Tuesday, June 16, 2009

Private home sales keep defying caution

Developers sold year-high 1,668 units in May amid discounts and improved sentiment

(SINGAPORE) The buds of recovery sprouting in the private home market since February seem to have blossomed in May.

Developer sales for the month hit 1,668 units - a record for the year and 37 per cent more than the 1,214 in April. More transactions also occurred in the high-end sector at prices above $2,000 per square foot (psf).
However, some industry watchers continue to warn that the blooms may not last unless the economy improves decisively. They also remain concerned about weak rental demand and more residential supply coming on stream.
According to data from the Urban Redevelopment Authority (URA) yesterday, developer sales in May put on their strongest showing not just since January, but also since the sub-prime crisis began to rear its head. The 1,668 units sold last month were just 3 per cent shy of the last high of 1,723 units in August 2007.
'The stockmarket rally which began in mid-March has resulted in positive sentiment that has driven private residential home sales,' said CBRE Research executive director Li Hiaw Ho. Other consultants noted that lower home prices and immense liquidity searching for higher returns also kept home sales up.
In another sign that sentiment had improved, buying activity continued to return to the high-end core central region (CCR) in May. The launch of 32 units at Rochelle at Newton, for instance, was fully taken up.
Of the 1,668 units sold in May, 617 units or 37 per cent were from CCR. Colliers International pointed out that this proportion far exceeded the much lower 8 per cent seen in February.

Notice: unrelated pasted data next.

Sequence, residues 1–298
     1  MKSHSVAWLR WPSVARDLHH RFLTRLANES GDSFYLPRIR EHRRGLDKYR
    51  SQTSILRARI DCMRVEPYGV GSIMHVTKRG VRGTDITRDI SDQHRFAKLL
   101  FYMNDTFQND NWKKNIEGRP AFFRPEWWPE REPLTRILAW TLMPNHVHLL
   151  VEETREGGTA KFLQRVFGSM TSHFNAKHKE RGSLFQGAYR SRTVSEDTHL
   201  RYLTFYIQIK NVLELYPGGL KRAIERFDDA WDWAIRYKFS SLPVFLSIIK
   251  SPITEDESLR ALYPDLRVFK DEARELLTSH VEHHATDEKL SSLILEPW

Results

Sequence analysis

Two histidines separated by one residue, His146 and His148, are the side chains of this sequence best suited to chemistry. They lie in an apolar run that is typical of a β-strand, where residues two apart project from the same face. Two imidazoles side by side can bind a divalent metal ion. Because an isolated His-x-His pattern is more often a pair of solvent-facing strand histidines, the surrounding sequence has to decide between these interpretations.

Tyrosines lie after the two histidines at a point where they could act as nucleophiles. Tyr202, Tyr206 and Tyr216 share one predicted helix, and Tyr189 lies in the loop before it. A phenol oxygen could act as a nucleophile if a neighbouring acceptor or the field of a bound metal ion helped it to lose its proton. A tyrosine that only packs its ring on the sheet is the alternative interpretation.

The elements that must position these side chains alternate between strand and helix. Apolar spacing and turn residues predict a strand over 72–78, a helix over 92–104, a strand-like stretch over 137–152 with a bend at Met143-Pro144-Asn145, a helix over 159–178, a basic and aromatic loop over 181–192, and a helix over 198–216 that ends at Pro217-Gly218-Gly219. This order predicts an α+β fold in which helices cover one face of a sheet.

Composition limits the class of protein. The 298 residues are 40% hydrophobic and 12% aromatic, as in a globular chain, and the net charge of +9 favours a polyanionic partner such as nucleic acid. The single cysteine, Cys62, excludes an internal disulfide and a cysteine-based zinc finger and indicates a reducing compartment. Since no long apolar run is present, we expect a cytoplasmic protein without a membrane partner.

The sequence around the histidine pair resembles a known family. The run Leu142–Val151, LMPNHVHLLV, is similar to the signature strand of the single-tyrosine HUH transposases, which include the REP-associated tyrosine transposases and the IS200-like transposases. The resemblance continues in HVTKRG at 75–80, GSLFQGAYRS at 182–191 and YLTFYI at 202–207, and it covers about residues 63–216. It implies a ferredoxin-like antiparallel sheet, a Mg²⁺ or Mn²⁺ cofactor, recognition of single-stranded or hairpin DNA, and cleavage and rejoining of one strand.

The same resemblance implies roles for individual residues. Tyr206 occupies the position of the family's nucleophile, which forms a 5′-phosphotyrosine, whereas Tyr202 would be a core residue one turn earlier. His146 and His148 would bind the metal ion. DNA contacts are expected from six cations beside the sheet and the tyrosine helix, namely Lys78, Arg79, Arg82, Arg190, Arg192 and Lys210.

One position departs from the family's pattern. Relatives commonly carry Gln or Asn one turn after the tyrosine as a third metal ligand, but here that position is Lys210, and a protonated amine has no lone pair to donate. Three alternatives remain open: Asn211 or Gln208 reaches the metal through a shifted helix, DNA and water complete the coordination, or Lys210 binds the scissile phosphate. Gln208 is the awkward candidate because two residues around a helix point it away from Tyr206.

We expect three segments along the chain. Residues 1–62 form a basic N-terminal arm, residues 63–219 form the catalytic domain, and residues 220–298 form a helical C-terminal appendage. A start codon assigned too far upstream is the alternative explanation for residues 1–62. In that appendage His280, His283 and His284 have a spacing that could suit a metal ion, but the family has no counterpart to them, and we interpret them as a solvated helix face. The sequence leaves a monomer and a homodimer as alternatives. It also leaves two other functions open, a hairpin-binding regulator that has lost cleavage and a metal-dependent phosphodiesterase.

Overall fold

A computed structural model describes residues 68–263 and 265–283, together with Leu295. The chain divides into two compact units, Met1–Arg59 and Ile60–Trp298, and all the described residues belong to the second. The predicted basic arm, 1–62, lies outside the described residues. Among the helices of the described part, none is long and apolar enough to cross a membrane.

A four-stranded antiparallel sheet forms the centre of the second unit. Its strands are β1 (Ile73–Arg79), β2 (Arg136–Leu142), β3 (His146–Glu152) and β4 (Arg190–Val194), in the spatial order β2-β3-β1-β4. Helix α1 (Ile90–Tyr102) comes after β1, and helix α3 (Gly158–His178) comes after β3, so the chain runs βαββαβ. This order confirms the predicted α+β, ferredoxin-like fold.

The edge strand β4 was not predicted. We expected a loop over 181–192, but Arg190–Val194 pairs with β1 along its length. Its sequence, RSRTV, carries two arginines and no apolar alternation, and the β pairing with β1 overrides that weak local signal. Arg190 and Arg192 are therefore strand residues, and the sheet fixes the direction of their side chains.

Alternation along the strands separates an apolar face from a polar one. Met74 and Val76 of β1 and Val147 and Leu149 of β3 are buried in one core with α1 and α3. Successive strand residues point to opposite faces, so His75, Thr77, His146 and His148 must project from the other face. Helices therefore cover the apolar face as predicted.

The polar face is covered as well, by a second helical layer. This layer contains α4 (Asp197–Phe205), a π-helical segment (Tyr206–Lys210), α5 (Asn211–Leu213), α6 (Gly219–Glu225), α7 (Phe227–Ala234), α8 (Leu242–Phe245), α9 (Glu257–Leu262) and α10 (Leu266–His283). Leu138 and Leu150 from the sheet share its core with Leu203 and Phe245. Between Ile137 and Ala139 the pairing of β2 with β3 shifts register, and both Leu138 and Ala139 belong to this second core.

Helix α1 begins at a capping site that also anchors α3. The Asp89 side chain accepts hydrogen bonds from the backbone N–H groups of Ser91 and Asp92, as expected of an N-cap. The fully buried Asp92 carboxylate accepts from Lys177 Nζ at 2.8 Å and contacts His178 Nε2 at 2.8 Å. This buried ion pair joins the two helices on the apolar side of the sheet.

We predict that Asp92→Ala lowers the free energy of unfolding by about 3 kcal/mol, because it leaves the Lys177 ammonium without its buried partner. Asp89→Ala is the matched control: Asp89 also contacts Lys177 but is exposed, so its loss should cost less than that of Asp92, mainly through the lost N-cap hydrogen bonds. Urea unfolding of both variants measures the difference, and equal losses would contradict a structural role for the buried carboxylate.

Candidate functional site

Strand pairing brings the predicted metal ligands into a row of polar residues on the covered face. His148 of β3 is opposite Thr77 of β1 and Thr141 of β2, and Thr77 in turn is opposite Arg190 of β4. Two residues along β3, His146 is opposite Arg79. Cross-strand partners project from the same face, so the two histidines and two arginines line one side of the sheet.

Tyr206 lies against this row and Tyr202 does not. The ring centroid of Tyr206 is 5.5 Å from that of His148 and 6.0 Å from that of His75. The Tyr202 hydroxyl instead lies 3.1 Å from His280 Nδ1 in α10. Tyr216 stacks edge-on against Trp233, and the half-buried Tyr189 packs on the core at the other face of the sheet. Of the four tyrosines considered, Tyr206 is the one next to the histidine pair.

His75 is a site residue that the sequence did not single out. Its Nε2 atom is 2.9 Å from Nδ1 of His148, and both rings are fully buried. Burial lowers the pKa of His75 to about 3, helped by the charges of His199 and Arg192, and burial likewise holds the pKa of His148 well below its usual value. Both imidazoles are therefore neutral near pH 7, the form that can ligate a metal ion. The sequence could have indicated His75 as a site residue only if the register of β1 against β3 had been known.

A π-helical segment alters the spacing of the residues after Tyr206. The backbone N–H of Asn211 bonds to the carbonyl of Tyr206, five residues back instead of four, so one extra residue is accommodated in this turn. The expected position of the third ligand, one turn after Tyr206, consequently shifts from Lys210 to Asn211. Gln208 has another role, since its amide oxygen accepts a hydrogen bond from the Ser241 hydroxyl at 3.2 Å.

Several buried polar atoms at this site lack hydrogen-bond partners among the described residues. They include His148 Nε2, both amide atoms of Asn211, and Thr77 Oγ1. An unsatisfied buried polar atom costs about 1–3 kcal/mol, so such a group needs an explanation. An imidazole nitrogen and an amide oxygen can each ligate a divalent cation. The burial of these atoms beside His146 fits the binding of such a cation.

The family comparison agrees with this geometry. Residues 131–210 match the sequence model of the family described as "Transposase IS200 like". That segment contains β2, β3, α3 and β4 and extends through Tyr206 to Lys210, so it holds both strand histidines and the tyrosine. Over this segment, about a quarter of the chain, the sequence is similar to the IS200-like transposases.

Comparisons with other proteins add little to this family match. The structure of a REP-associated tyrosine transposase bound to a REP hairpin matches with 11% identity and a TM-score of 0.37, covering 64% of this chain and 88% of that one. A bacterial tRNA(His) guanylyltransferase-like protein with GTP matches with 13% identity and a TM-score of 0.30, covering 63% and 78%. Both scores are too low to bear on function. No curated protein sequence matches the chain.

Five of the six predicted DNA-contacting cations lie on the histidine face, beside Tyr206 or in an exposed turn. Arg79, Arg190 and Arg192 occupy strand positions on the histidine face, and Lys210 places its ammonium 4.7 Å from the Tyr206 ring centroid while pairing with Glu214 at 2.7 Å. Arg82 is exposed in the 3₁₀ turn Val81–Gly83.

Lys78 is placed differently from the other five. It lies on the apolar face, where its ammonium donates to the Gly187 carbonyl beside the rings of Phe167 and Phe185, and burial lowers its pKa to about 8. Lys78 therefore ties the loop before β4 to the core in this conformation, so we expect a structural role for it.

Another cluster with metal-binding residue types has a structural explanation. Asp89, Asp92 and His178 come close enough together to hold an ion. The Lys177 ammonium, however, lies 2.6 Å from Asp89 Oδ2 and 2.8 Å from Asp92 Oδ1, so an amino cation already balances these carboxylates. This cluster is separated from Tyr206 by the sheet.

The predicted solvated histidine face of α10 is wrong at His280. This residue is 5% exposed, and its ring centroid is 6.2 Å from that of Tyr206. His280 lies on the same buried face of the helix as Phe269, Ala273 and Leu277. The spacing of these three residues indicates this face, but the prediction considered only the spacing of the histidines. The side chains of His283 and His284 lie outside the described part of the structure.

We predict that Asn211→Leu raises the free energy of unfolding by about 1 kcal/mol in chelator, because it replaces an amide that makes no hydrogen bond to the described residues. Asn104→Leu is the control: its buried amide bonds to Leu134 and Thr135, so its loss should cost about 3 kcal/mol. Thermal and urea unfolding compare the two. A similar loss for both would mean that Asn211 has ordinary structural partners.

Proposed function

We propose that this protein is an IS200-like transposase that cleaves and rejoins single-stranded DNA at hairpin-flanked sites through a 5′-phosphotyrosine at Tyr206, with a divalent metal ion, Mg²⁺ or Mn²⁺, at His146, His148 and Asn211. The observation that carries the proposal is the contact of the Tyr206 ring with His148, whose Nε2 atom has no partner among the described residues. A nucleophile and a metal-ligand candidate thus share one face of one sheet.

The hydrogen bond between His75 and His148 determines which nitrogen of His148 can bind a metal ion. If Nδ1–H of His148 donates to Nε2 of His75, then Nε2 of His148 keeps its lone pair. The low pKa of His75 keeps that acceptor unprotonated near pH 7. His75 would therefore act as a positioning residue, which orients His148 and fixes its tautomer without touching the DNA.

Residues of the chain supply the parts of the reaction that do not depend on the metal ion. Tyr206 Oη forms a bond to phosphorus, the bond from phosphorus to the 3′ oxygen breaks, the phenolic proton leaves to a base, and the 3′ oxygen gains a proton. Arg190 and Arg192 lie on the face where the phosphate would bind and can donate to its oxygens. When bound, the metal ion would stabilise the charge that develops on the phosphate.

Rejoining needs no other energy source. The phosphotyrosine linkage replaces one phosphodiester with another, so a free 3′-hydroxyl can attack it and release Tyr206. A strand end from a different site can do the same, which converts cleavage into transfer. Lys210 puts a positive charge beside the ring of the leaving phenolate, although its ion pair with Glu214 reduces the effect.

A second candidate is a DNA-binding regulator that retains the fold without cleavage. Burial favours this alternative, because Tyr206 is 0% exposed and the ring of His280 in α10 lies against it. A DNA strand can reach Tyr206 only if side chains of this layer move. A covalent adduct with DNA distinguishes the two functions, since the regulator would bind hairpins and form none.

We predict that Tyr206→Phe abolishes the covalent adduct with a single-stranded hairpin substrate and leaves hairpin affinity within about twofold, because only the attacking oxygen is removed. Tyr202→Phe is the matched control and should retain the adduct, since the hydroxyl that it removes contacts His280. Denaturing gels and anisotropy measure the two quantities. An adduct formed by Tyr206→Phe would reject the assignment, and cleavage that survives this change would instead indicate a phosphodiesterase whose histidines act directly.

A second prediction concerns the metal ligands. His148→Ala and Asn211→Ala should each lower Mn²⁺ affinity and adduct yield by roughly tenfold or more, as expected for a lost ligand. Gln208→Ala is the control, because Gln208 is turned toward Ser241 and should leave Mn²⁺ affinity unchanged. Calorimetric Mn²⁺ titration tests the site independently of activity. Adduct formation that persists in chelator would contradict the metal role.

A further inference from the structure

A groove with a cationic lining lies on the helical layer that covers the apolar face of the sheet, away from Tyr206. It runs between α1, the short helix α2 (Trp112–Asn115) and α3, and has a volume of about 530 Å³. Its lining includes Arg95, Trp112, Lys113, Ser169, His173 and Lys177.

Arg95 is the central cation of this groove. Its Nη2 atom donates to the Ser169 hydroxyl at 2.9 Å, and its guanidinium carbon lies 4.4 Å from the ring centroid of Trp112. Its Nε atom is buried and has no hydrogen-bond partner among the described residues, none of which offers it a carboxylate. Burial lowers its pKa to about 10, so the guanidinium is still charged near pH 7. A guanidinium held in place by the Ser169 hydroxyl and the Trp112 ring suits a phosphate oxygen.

Jones Lang LaSalle attributed the higher CCR sales to 'discounted pricing from developers', as seen in several projects such as Martin Place Residences, The Wharf Residence and Parc Centennial. At Martin Place Residences, for instance, units were first sold at a median price of $1,746 psf in January 2008. Last month, buyers took up 186 units at a median $1,423 psf.
Not only have sales increased in the high-end property market, more deals struck above $2,000 psf have emerged. According to Colliers, 14 units in May changed hands above that price level, compared with just one in February.
Notably, two apartments at The Orchard Residences went for $2,787 psf and $3,299 psf each last month. Other properties which saw median transaction prices of over $2,000 psf include Boulevard Vue, The Orange Grove, St Regis Residences and Vida.
The mid-market property sector also registered encouraging sales. Colliers noted that some 37 per cent, or 609 units of the 1,668 sold in May came from the rest of central region (RCR); the corresponding proportion in February was 29 per cent.
RCR saw the launch of the 26-unit Spring @ Langsat last month, of which nine units were taken up. Projects such as The Arte and The Mezzo continued to sell well.
Rosy sales aside, some buyers have returned units between April and May. URA data indicates, for instance, a return of 11 units at Mi Casa, three units at Verdure and three units at The Arte.
There are also industry watchers who remain guarded about the recent surge in home sales. This is 'largely fuelled by softer prices and strong latent demand, which alone will not be sufficient to sustain an overall recovery in the market', said Jones Lang LaSalle associate director of research
Desmond Sim.
'Unless there are improvements in the overall economy, it may still take quite some time before we see the return of 'super-luxury launches' . . . Affordability still remains the main factor to entice buyers.'
Citi and Nomura Singapore also said in research reports last week that the property upswing may not be sustainable. Nomura, in particular, expects to see a W-shaped recovery in asset prices because downside risks such as rising unemployment, falling rents and rising supply still exist.
Colliers deputy managing director Grace Ng noted that the Singapore market is 'a bit peculiar' because buying is largely spurred by sentiment; many people 'actually come into the market because they see other people buying . . . rather than calculating yields'.
Even then, rental yields today are likely to be higher than what bank deposits can offer, she added.
Source: Business Times, 16 June 2009

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